So what does celerity make me think of. The robot’s celerity only discouraged the other workers doing their best to keep up. Her celerity made me think she was acting impulsively. And if I put both of those ideas together. The celerity of the robot may lead to problems in situations that need thoughtful weighing of pros and cons that do not have easy answers. Celerity is a fun word, but obviously makes me think of celery and celebrity and celebrity celery which I don’t think has ever existed but should. Maybe there’s a Guinness record for largest or heaviest celery which would then be a celebrity celery in certain circles.

The inelegance in elegance and the elegance in inelegance by Maria L. Berg 2022

November PAD Chapbook Challenge

Today’s prompt is to write a future poem. Since the scene I’ll be working on today in my novel includes a psychic, it makes sense to have a psychic as my speaker in my future poem.

The Seer

What do I see?
Future people, future places, future things
or extrapolations of present people
present places, present things
or extensions of past people,
past places, past things
all the same to me
and all disappointing
when you’ve seen it all before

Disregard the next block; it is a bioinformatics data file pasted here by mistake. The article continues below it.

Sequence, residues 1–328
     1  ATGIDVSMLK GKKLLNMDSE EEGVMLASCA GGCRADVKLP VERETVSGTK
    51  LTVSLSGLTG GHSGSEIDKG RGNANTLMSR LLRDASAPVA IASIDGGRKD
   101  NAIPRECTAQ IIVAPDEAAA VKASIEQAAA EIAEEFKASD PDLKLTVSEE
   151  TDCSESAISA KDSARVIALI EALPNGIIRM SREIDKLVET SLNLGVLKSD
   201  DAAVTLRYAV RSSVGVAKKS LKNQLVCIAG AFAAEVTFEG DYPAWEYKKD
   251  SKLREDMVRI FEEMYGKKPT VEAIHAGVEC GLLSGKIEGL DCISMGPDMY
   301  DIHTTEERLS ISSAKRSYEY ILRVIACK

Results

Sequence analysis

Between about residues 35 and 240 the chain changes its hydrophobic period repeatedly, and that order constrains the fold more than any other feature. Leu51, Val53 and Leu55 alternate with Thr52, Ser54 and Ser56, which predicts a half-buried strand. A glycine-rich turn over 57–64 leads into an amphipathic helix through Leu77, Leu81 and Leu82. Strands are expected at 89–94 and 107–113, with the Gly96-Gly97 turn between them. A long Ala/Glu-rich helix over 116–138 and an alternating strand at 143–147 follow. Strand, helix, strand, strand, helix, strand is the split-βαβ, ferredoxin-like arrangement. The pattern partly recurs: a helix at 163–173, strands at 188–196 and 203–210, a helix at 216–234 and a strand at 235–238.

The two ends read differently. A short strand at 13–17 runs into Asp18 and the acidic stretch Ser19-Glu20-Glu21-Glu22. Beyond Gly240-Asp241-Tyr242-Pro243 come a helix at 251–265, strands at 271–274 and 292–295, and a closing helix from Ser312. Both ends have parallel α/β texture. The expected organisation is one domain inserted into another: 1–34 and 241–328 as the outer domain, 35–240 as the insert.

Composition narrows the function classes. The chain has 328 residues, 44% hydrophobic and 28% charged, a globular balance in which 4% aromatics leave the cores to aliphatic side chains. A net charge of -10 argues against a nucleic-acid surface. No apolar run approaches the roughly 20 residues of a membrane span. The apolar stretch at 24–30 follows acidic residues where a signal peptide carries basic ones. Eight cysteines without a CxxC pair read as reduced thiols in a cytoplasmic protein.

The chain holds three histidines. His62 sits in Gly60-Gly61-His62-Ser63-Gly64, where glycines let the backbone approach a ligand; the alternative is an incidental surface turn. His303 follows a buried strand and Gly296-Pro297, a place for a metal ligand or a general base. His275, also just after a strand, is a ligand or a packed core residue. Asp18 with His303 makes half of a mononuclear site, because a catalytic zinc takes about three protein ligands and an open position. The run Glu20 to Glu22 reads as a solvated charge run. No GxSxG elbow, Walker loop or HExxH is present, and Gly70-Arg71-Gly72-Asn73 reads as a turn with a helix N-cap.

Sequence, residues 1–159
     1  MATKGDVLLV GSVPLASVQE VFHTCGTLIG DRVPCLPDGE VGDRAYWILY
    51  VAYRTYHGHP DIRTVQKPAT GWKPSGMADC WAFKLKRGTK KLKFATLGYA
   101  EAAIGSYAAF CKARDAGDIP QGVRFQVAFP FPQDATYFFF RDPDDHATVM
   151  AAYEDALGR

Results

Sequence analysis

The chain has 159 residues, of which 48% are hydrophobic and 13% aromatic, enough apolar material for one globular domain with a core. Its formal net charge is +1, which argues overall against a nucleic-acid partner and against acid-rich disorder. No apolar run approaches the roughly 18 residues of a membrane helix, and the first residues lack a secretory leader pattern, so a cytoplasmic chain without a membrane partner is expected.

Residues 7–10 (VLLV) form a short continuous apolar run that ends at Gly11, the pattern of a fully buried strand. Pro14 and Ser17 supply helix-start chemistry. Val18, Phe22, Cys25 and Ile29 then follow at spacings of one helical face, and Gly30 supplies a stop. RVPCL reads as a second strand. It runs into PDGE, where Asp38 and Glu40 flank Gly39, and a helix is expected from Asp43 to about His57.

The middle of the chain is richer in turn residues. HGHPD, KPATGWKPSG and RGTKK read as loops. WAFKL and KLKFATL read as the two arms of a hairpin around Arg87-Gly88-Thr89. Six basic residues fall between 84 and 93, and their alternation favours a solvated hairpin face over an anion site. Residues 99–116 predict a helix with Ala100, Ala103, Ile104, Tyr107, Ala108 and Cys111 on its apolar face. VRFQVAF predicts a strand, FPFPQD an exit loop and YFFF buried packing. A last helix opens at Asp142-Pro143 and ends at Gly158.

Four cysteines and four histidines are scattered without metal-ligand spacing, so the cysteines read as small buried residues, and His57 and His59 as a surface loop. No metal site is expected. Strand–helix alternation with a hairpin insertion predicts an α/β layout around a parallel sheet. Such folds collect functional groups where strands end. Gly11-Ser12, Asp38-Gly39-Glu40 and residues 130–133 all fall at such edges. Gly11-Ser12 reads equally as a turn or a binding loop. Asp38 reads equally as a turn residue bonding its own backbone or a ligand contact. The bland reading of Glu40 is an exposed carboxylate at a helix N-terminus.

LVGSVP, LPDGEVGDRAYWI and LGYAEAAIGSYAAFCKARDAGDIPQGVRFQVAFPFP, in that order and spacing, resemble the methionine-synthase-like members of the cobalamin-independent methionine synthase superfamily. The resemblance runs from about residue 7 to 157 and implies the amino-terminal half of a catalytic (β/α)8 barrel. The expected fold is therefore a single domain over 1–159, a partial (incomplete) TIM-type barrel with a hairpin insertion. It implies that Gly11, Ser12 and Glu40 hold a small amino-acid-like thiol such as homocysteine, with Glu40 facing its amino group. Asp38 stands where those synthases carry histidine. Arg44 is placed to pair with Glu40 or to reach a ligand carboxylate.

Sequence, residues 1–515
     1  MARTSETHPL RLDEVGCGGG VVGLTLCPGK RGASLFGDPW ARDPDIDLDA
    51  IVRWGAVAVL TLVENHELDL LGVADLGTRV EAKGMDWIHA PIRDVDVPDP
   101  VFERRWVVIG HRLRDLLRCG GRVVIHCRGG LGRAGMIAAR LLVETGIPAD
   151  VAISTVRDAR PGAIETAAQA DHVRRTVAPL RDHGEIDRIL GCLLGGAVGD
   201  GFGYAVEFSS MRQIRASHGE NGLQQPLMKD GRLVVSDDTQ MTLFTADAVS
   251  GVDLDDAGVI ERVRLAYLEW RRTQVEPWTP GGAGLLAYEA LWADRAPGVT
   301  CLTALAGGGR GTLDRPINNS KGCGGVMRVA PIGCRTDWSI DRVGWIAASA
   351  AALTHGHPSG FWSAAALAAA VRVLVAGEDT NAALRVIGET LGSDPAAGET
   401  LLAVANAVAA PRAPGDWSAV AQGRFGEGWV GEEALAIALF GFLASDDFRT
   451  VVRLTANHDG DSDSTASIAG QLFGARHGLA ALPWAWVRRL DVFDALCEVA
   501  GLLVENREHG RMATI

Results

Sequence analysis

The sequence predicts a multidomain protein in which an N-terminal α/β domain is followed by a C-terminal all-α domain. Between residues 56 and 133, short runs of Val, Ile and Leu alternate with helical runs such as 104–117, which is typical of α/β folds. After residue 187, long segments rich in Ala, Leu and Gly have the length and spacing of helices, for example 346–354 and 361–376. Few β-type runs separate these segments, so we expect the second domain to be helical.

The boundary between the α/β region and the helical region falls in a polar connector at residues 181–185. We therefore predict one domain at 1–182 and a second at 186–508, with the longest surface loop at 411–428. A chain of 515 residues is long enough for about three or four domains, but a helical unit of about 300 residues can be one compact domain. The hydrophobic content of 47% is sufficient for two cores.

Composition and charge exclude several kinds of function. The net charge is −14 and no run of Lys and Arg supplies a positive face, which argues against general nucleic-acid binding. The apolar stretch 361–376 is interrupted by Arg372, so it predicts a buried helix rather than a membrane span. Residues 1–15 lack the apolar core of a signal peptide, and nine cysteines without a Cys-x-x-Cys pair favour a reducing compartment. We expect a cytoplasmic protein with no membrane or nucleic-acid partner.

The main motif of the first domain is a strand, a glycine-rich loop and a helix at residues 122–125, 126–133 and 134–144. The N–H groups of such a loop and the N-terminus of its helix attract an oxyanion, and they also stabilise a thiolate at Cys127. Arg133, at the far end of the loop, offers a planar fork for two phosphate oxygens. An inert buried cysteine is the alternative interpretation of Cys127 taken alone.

What do I see?
betrayal, infidelity, hypocrisy, and cruelty
all the desperation caused by want
acts of the delusional causing
ripples of sadistic torment
leading to unfulfilled needs
causing hunger, thirst
and bad behavior

What do I see?
insecurities, fear, and doubts
miserable people who want simple
immediate answers, who want
everything to be alright, who want
someone else to fix it because
change is too hard

What do I see?
Whatever she wants to hear
whatever answer brings a smile
everything he hopes and dreams of
everything his fantasies reveal
and something fuzzy that won’t become
clear until they come back
with more cash


Today I’ll be working with Mapping the Hero’s Journey with Tarot by Arwen Lynch, not only to find ideas for my plot, but to create the reading that my protagonist receives from her new friend the town psychic. It should be a really fun writing day.

The Honestly Dishonest are the Scariest

Dishonesty in Honesty and Honesty in Dishonesty by Maria L. Berg 2022

Contradictory Abstract Nouns (Photography Challenge)